April 2009: Jim and Joe appear on NPR’s All Things Considered, talking about their reluctance to embrace baseball during the scandal.  Jim’s article, “The House That Juice Built,” appears in Seattle Metropolitan magazine.  The 2009 baseball season begins.

April – June, 2009: Jim and Joe make trips to Idaho to visit the town where Walter Johnson started his career, and to Seattle to interview a steroids doctor and the late-Taylor Hooton’s brother Don Hooton.

June 2009: Agent makes the first formal pitches of the book-in-progress to some 25 publishers. 

July 2009: Boston-based editor calls to ask Jim for more info on the book and wonders where it’s going; declines to make offer.

August – Sept. 2009: Book gets endorsements from author/player Dirk Hayhurst and former AP sportswriter Steve Wilstein.  Manuscript rejected by all publishers.

September, 2009: Jim and Joe make trips to Seattle, Boston, New York and Jackie Robinson’s grave in Brooklyn to complete research for the book.

October 23, 2009: Manuscript is fully written and completed for the first time.  Agent begins new round of submissions.  All are rejected.

December, 2009: Ms. gets endorsement from Doug Glanville, former player, author and ESPN personality.

January 2010: Mark McGwire reveals past steroid use; after lull in submissions, agent promises to send Manny out to fresh round of 20 publishers.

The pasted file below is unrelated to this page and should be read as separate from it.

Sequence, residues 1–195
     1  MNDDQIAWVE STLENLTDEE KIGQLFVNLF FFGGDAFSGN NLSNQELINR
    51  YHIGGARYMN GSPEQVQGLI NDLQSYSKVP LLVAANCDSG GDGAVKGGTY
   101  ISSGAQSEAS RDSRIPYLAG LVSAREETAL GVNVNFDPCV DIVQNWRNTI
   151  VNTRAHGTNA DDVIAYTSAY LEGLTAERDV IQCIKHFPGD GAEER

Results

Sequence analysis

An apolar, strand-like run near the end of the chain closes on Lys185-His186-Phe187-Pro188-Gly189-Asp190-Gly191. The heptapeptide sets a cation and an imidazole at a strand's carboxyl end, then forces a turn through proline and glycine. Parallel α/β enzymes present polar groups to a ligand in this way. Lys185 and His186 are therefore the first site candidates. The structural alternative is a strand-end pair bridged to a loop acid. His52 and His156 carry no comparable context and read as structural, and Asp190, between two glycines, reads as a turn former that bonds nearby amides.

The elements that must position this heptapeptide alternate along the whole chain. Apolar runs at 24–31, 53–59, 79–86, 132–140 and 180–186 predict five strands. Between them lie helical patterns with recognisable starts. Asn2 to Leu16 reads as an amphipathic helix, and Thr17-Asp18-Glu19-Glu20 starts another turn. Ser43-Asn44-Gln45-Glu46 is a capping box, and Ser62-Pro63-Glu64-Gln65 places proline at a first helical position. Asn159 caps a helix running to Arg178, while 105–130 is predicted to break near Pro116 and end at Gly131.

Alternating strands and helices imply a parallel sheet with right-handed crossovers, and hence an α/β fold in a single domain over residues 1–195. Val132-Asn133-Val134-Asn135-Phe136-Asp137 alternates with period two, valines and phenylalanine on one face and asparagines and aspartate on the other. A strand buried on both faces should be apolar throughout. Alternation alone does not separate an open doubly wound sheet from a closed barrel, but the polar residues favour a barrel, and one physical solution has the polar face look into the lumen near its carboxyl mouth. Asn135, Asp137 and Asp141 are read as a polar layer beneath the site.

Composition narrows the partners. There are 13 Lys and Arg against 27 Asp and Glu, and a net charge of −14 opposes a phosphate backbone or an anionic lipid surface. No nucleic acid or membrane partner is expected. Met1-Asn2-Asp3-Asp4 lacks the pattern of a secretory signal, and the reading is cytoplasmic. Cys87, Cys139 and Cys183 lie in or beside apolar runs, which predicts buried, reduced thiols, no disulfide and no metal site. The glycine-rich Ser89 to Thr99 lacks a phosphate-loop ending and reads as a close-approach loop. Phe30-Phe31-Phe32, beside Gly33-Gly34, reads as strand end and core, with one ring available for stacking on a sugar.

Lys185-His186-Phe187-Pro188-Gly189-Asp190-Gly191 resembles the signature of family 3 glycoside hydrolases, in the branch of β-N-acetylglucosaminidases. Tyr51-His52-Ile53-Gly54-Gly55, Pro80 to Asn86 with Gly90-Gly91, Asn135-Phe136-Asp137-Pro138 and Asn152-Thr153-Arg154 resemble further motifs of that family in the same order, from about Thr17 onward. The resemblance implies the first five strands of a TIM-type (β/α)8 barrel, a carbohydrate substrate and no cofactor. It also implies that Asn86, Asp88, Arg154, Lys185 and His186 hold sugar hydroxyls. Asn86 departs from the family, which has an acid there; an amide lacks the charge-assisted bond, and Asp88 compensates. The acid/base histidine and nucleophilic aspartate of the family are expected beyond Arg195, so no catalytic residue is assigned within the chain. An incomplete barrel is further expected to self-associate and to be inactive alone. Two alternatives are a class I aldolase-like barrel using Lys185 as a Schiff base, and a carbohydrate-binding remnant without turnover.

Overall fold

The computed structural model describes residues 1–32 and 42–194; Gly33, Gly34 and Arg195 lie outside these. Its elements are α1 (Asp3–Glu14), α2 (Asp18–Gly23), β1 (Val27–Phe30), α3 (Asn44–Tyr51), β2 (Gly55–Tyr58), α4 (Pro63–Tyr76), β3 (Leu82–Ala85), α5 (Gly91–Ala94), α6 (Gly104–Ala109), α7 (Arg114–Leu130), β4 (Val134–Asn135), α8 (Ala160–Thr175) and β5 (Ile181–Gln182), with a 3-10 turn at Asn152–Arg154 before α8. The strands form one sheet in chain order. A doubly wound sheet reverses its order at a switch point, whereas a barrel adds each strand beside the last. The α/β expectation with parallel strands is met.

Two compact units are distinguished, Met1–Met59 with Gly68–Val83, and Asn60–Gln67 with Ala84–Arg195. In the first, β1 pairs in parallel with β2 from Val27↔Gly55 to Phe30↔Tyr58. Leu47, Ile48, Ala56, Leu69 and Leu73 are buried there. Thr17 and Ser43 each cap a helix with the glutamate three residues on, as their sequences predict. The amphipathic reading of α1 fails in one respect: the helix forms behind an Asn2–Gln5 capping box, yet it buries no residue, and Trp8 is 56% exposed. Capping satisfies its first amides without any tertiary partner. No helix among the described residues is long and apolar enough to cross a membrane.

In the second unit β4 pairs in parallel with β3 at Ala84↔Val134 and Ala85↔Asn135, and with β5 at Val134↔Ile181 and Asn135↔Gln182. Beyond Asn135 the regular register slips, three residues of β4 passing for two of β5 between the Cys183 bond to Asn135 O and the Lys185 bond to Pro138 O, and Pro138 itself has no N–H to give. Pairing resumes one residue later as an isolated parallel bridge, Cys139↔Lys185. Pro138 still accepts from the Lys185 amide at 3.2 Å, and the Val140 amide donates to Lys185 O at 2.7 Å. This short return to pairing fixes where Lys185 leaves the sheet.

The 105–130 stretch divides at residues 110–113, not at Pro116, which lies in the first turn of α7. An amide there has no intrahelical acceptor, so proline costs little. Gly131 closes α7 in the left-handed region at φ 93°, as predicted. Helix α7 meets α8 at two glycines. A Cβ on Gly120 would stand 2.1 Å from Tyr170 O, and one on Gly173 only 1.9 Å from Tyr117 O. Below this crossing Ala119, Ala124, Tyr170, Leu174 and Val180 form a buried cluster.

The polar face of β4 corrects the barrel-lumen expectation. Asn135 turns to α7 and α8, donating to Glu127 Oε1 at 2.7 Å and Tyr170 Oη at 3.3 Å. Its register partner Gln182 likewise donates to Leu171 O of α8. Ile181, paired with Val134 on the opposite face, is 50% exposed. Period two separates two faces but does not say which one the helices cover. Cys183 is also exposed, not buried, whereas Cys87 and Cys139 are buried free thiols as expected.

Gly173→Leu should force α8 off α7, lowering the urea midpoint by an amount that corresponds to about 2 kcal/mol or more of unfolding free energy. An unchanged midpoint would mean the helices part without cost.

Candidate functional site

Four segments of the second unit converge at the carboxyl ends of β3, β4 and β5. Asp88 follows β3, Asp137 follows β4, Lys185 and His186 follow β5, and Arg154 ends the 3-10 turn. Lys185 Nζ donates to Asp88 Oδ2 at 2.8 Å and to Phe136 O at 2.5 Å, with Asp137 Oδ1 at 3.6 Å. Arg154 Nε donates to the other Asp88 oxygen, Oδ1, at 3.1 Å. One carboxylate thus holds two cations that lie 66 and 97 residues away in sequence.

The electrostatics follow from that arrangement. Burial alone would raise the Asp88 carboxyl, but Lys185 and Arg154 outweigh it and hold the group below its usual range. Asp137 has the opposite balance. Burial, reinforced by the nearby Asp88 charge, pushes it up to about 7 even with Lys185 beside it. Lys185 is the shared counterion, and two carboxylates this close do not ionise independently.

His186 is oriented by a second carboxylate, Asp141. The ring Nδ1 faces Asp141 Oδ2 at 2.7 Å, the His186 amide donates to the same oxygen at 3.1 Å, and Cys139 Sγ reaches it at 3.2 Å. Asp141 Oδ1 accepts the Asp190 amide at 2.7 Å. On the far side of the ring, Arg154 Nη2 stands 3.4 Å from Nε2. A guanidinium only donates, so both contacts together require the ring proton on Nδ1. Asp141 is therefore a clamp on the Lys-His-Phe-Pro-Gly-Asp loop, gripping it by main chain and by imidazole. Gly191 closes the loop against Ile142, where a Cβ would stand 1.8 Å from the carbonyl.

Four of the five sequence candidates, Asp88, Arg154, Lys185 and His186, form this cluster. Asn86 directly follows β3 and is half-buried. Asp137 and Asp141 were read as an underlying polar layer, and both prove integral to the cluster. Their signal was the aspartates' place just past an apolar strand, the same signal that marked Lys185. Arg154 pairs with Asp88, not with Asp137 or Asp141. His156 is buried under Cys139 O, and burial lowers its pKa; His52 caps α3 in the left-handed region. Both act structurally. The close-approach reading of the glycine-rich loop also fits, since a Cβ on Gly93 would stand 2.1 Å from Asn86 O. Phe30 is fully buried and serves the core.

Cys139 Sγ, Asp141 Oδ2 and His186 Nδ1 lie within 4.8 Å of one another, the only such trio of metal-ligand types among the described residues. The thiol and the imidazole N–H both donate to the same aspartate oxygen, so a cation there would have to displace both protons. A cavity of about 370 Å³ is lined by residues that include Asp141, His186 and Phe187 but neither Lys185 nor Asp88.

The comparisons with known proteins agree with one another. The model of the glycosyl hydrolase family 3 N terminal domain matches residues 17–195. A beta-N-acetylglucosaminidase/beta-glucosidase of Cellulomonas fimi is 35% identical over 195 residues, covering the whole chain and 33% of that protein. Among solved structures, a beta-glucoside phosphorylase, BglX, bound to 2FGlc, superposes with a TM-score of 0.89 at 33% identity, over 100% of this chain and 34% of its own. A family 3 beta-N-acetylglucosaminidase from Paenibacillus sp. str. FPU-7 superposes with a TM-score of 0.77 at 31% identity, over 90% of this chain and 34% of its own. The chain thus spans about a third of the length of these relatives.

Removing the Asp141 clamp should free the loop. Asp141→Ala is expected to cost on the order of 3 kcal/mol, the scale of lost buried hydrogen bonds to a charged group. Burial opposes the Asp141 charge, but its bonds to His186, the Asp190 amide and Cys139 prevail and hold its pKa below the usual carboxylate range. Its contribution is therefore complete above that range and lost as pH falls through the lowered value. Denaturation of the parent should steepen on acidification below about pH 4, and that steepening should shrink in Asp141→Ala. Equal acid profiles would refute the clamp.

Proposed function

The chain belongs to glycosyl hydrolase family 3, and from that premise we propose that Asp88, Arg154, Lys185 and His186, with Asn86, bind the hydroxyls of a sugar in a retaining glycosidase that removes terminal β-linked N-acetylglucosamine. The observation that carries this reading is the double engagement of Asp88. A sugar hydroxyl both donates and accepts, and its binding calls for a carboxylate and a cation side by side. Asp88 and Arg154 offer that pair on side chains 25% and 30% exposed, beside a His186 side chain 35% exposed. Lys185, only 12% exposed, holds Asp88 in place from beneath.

January – Feb., 2010: DaCapo Press asks to read manuscript based on query received from agency. A month later, they ask for a phone conversation with Jim.

March, 2010: DaCapo says they’d like to see a new beginning to the book before they commit to publish.

March 25, 2010: New pages written and sent to DaCapo.

May 18, 2010: DaCapo offers to publish the book and deal is struck.

June – September, 2010: Jim rewrites book from start and resubmits to publisher.

Jan. – March, 2011: Editor returns comments and suggestions; Jim rewrites again, scraps opening pages again and finally hits on chronological way of telling the story from start to finish.

April 2011: Final version accepted and turned over to production.

Summer 2011: Copyediting done, afterword written, map of Joe’s journey in the book commissioned and accepted .

Fall 2011: Cover and type design completed, promotion begins with new Trading Manny Facebook page, ramping up of this blog and revision of www.jim-gullo.com.  More endorsements sought.

October 2011: Publisher’s lawyer weighs in with about 20 queries about the manuscript, requesting word changes and some minor deletions, and asks, “Are any of the ballplayers you write about particularly litigious?”  Over the course of an hour and a half on the phone, we hash out changes that everyone can live with.  This is the final hurdle to the manuscript advancing to final galleys.

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MANNY GETS A SUBTITLE

Joe's glove, signed by athletes, coaches and baseball fans on his TRADING MANNY journey

No, not that Manny. I’m referring to my book TRADING MANNY, which will be published in March 2012 and which I’ll be writing about a lot here. The subtitle is a tricky thing, and we’ve been kicking around different versions with the publisher for several months now. It orignally started as “Re-Discovering Baseball with My Son Joe in a Season of Steroids & Scoundrels.”
Well, that was rather a mouthful, and would have taken up the whole cover.
Then I tried, “Teaching Joe That Baseball Matters in a Season of Steroids & Scoundrels.”